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889 F.

2d 1043
65 A.F.T.R.2d 90-374, 89-2 USTC P 9661,
57 Ed. Law Rep. 63

Adeline JONES, Plaintiff-Appellant,

Lauro F. CAVAZOS, Secretary, United States Department of
Education, in his official capacity, and Richard
A. Hastings, etc., Defendants-Appellees.
No. 88-7763.

United States Court of Appeals,

Eleventh Circuit.
Dec. 6, 1989.

O. Randolph Bragg, UAW Legal Services Plan, Newark, Del., Alice J.

Hancock, UAW Legal Services Plan, Decatur, Ala., for plaintiff-appellant.
Carol Bengle and Fred J. Marinucci, U.S. Dept. of Educ., Washington,
D.C., for defendants-appellees.
Appeal from the United States District Court for the Northern District of
Before COX, Circuit Judge, HILL* , Senior Circuit Judge, and SNEED**,
Senior Circuit Judge.

In the early 1970's, Adeline Jones borrowed money under the National Direct
Student Loan Program ("NDSL") to attend Coahoma Junior College (the
"College") in Clarksdale, Mississippi. This loan, authorized under Title N-E of
the Higher Education Act of 1965 (as amended 20 U.S.C.A. Secs. 1087aa et
seq. (1978)), was made and administered by the College. The College placed
the loan in default in April 1974, and in 1986, assigned the loan to the Secretary
of Education for collection. In 1987, the U.S. Department of Education sent
Jones a letter informing her that if she did not arrange to repay this obligation,

the loan could be subject to offset against her income tax refund.

Jones then brought suit against the Secretary of Education and its former
Director of Debt Collection and Management Assistance Service, seeking
declaratory and injunctive relief in connection with the proposed tax refund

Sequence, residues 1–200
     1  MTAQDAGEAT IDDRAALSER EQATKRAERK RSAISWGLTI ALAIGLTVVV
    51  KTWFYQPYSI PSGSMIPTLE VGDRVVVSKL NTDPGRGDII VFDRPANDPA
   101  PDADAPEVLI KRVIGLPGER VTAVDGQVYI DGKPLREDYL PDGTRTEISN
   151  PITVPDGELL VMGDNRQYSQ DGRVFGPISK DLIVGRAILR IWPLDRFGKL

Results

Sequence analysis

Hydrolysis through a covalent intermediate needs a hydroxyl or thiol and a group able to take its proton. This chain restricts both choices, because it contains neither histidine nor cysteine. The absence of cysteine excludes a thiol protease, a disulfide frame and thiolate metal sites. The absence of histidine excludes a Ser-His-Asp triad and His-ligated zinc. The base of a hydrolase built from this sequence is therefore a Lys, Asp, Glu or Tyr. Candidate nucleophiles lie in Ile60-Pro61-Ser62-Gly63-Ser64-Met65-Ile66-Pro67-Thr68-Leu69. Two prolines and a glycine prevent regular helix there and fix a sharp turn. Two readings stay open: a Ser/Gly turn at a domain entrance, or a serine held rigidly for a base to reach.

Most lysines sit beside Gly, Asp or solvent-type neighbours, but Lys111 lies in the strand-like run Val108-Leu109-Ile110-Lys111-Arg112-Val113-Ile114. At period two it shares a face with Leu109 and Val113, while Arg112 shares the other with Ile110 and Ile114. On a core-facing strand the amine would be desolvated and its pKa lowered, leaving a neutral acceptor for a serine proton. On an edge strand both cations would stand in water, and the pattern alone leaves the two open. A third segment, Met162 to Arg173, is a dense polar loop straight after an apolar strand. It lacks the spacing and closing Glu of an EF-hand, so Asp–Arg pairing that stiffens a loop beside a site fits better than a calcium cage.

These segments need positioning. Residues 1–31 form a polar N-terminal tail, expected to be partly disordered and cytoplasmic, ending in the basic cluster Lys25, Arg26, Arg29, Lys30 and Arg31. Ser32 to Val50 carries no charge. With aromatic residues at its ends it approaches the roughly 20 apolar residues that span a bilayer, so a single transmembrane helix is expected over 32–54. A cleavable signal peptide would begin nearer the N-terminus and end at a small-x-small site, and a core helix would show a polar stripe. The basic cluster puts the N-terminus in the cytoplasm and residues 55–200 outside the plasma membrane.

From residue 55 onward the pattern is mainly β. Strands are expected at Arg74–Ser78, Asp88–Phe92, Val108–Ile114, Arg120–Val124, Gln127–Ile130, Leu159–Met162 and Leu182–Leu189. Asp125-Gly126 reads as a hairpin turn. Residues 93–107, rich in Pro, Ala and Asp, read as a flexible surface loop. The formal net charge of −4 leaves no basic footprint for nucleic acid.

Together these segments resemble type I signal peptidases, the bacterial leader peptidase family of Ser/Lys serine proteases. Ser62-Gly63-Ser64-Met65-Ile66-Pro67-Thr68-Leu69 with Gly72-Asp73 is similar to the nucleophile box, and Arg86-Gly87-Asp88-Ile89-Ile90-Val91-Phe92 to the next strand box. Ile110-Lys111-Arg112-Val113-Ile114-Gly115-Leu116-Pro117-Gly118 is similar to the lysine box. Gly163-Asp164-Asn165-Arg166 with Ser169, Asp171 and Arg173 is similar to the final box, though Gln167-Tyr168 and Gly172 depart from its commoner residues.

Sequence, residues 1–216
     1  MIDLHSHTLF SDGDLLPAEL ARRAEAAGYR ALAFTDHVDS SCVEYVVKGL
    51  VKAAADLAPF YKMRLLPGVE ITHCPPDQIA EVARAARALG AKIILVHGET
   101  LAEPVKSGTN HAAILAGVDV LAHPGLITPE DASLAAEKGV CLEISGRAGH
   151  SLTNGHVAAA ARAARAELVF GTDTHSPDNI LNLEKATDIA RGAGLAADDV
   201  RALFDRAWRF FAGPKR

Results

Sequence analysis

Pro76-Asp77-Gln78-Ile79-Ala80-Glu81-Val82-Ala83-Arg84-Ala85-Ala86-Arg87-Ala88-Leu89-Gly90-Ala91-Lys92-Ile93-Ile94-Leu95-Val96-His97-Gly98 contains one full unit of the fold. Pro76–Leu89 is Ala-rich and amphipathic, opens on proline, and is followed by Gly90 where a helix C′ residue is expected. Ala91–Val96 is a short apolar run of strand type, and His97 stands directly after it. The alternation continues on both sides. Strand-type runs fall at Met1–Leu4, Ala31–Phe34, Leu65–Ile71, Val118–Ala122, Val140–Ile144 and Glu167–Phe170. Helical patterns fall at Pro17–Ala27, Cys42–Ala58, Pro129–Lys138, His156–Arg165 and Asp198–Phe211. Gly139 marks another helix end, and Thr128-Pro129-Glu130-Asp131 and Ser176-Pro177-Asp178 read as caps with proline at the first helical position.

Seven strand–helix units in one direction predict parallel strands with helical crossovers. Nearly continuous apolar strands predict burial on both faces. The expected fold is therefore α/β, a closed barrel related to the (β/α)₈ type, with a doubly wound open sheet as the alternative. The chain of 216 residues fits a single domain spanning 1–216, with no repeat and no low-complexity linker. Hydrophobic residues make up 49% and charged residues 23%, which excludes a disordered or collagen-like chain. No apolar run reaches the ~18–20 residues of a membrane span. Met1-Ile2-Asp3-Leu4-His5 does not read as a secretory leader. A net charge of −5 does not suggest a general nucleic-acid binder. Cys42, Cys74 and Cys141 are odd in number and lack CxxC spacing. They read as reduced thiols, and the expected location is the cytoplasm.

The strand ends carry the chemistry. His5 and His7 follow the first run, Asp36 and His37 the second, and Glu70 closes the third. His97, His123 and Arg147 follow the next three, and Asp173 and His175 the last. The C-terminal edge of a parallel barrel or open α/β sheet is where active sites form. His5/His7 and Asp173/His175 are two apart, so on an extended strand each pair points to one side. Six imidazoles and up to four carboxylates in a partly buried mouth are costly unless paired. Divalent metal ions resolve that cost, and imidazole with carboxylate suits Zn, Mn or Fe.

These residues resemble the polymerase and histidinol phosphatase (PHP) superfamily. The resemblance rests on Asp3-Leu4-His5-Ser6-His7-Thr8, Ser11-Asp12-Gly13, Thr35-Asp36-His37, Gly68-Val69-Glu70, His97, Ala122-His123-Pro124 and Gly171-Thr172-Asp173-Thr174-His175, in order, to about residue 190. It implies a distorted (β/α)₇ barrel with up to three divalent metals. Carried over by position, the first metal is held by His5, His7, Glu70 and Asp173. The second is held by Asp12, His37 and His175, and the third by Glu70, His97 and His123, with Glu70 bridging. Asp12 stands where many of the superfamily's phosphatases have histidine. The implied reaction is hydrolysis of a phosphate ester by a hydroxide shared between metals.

offset. Specifically, Jones sought a declaration that the proposed offset violated
her Fifth Amendment due process rights because adequate notice was not given
and a hearing was not provided. She sought an injunction to prevent the offset.
While her suit was pending, the claim for injunctive relief was mooted by
Education's intercept of the refund involved. Thereafter, the district court
granted the defendants' motion for summary judgment, and Jones appeals. We


As part of the Deficit Reduction Act of 1984, Congress enacted legislation

permitting any federal agency owed a past-due legally enforceable debt by an
individual to seek an offset of the debt against the debtor's tax refund by
notifying the Secretary of the Treasury. 31 U.S.C.A. Sec. 3720A(a), (c) & (d)
(Supp.1989). Treasury regulations set forth the times, manner of submission,
and information required to be included in or accompany the notice to Treasury.
These regulations, codified at 26 C.F.R. Sec. 301.6402-6T (1988),1 describe
preconditions which a past-due legally enforceable debt must meet before it
may be referred to the Internal Revenue Service ("IRS") for offset. The purpose
of these conditions is to ensure that the agency has made some effort to collect
the obligation and is not seeking tax refund offset as a means of first resort to
collect the debt. See Reduction of Tax Overpayments by Amount of Past-due
Legally Enforceable Debt Owed to Federal Agency, 50 Fed.Reg. 39661 (1985)
(explanation of regulatory provisions).

One precondition of tax refund offset requires that any federal agency seeking
to use the offset program promulgate regulations governing its operation within